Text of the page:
Last Thursday during the Women of Excellence Awards, the Emory Alumni Association (EAA) and Emory’s Center for Women acknowledged female university staff and alumni who have performed extraordinary feats in the past year.
“Tonight we celebrate the women you are, the women in your lives, the women you seek to emulate and the women you are becoming,” Assistant Vice President for Community Suzanne Onorato said during the presentation of the awards.
EAA members nominated women who have taken an active role in promoting female empowerment on campus. Samuel Candler Dobbs Professor of African American Studies Carol Anderson received the Award for Public or Digital Scholarship, which honors an individual whose work has sparked conversations about feminist or gender-based issues throughout the Emory community.
Anderson has acted as a “leading thinker of race in America,” Program Coordinator for the Center for Women at Emory Tiffany Del Valle said. Anderson has worked extensively with Emory’s Center for Women and has appeared on national radio and television to speak about the issues of race, gender and education.
Kathryn Yount, Asa Griggs Candler chair of Global Health and professor in the Hubert Department of Global Health and Department of Sociology, received the Mentorship Award, which acknowledges an individual who has served as a role model, inspiration and advisor for others.
With her position, Yount advised several post-doctoral fellows and encouraged students to pursue their passions in issues relating to gender based violence, maternal and child health, gender, family and qualitative and quantitative research methods. She also formed Grow, an organization that serves as a global inspiration for women’s empowerment. A mentee referred to Yount as the “most significant mentor in [her mentee’s] twenty-plus-year career.”
Amy Elkins, a professor in the English department at Emory, achieved the Award for Excellence and Pedagogy. The award celebrates a teacher who is willing to bring gender issues into the classroom in creative and inspiring ways.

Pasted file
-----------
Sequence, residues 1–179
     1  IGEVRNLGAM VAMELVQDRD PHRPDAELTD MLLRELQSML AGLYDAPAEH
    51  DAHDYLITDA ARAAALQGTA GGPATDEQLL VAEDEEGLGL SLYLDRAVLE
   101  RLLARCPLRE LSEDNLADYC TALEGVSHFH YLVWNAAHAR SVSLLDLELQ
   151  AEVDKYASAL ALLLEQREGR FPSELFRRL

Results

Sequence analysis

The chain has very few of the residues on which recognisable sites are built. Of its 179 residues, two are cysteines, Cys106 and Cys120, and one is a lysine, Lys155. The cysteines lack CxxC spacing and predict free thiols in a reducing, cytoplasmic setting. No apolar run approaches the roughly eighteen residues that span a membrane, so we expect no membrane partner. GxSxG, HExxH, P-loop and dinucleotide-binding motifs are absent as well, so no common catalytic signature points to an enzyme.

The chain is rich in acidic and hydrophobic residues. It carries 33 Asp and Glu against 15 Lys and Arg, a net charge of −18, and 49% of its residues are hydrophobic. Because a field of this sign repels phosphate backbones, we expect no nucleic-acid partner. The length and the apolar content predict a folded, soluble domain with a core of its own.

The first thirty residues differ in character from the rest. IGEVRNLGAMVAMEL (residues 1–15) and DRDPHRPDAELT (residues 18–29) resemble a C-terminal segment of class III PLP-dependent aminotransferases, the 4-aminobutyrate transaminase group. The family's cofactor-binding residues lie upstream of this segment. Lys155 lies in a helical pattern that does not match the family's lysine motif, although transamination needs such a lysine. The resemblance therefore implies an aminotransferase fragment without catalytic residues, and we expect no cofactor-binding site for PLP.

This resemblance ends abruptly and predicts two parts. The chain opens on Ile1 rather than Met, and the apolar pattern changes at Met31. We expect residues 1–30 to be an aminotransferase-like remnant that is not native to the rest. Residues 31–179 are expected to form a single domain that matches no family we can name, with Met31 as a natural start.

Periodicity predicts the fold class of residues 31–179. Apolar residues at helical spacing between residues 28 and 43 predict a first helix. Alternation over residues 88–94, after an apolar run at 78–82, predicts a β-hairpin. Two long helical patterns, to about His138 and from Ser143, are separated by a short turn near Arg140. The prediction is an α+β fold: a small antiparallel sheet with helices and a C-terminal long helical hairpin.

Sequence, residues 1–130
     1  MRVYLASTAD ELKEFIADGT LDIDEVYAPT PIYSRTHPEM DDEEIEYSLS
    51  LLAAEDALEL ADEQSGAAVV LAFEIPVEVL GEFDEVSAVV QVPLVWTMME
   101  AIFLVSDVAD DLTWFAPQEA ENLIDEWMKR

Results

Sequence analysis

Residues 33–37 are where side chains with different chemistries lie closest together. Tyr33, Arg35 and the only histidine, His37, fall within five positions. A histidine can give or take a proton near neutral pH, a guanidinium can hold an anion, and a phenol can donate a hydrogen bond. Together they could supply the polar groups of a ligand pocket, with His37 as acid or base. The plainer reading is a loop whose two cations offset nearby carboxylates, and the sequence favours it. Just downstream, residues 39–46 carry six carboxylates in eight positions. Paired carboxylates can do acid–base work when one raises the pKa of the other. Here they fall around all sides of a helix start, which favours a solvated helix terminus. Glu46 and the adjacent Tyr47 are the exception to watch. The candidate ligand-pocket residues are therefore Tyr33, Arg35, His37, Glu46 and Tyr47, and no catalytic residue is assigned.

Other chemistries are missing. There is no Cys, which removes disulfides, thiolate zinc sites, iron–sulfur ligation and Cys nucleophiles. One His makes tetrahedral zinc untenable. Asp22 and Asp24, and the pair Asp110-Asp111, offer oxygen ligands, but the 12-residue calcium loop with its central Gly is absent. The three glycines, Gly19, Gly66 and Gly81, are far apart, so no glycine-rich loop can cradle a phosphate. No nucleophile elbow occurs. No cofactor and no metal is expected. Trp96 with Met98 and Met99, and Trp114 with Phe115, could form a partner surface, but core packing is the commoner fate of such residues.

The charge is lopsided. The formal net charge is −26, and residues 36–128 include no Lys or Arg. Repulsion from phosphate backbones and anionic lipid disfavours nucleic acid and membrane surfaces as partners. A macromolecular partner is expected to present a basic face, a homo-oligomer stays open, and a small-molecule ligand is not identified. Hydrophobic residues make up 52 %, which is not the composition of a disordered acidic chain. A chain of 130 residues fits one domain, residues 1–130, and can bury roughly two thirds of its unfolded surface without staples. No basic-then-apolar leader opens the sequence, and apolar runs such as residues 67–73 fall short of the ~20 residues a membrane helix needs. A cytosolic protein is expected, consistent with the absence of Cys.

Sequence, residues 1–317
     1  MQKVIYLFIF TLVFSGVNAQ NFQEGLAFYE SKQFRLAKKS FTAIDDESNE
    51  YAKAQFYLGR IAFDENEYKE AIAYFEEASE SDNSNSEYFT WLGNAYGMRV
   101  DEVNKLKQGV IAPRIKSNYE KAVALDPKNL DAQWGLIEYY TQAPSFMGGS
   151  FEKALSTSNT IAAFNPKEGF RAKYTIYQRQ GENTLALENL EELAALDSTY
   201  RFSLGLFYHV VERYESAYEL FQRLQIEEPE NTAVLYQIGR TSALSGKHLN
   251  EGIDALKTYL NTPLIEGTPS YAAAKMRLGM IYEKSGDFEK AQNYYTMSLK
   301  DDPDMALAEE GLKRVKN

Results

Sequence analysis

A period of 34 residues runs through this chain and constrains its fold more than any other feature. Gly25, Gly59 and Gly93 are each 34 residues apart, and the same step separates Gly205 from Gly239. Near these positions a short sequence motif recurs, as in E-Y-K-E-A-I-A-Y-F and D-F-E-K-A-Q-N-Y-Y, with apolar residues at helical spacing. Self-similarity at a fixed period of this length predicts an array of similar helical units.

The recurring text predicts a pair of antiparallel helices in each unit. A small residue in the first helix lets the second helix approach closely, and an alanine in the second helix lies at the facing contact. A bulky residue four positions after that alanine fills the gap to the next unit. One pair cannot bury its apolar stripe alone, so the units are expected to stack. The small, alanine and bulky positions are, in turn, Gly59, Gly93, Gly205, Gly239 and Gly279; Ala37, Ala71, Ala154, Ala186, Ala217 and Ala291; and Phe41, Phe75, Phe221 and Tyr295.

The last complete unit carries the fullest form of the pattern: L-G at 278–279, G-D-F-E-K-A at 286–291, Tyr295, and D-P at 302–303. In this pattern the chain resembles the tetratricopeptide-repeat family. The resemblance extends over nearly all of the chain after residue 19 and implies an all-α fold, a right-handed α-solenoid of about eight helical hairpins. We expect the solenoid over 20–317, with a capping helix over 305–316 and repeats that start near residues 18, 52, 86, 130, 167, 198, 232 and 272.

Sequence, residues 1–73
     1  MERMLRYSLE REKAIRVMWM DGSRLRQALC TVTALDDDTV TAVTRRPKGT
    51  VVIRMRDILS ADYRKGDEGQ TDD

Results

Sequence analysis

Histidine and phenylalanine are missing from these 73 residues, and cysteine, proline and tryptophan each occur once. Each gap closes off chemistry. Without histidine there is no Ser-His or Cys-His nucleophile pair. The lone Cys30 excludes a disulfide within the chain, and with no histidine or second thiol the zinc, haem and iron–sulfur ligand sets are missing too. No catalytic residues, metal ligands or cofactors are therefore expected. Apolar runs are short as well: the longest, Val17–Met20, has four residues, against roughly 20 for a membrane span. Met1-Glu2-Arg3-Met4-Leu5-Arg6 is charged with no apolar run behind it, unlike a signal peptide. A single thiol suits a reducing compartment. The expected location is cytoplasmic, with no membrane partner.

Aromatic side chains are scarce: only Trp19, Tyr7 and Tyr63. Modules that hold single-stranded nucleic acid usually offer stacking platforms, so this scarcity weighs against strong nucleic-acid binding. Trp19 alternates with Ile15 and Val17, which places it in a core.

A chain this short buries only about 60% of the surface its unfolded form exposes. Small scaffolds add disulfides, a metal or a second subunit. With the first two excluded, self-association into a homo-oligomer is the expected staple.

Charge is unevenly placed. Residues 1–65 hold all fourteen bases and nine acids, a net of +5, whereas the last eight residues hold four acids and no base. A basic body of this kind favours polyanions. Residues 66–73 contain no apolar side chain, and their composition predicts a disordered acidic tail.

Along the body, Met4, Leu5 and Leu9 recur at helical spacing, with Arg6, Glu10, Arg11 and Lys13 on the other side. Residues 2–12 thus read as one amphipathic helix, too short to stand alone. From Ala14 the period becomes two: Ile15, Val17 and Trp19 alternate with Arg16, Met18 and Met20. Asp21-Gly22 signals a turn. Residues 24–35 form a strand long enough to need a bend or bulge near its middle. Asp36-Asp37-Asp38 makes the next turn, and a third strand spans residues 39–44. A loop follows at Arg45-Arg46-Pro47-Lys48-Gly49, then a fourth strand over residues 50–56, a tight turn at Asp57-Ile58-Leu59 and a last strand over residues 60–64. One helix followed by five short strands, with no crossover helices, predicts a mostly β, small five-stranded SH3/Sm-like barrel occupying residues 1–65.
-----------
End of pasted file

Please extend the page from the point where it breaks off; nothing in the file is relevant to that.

Elkins has a reputation of being an outstanding educator and leader in the campus community by teaching literature through the arts.
The Leadership Award was presented to Lynell Cadray, Associate Vice Provost for Equity and Inclusion at Emory. This award is presented to anyone in the Emory community that has demonstrated leadership to or for women.
Cadray mentored many women who were pursuing law and provided opportunities for underrepresented students to join a profession that was difficult to enter.
On her success, Cadray remarked, “It is such an honor for me because I’ve been working for the Center for Women for such a long time and was nominated for this award three times. When they called and said I had won this time, I was so happy.”
Dabney Evans earned the Unsung Heroine Award, which honors a woman who has demonstrated extraordinary dedication to issues that affect women at Emory and the larger community but whose efforts have gone unrecognized by the public eye.
Evans effectively led a team to research partner violence and health care provider intervention. She continually contributes to Emory’s global presence in the field of public health.
The Outstanding Alumna of the Year Award was presented to Barbara Bruner. This award recognizes an alumna leader who has demonstrated a strong commitment to the Emory community and beyond.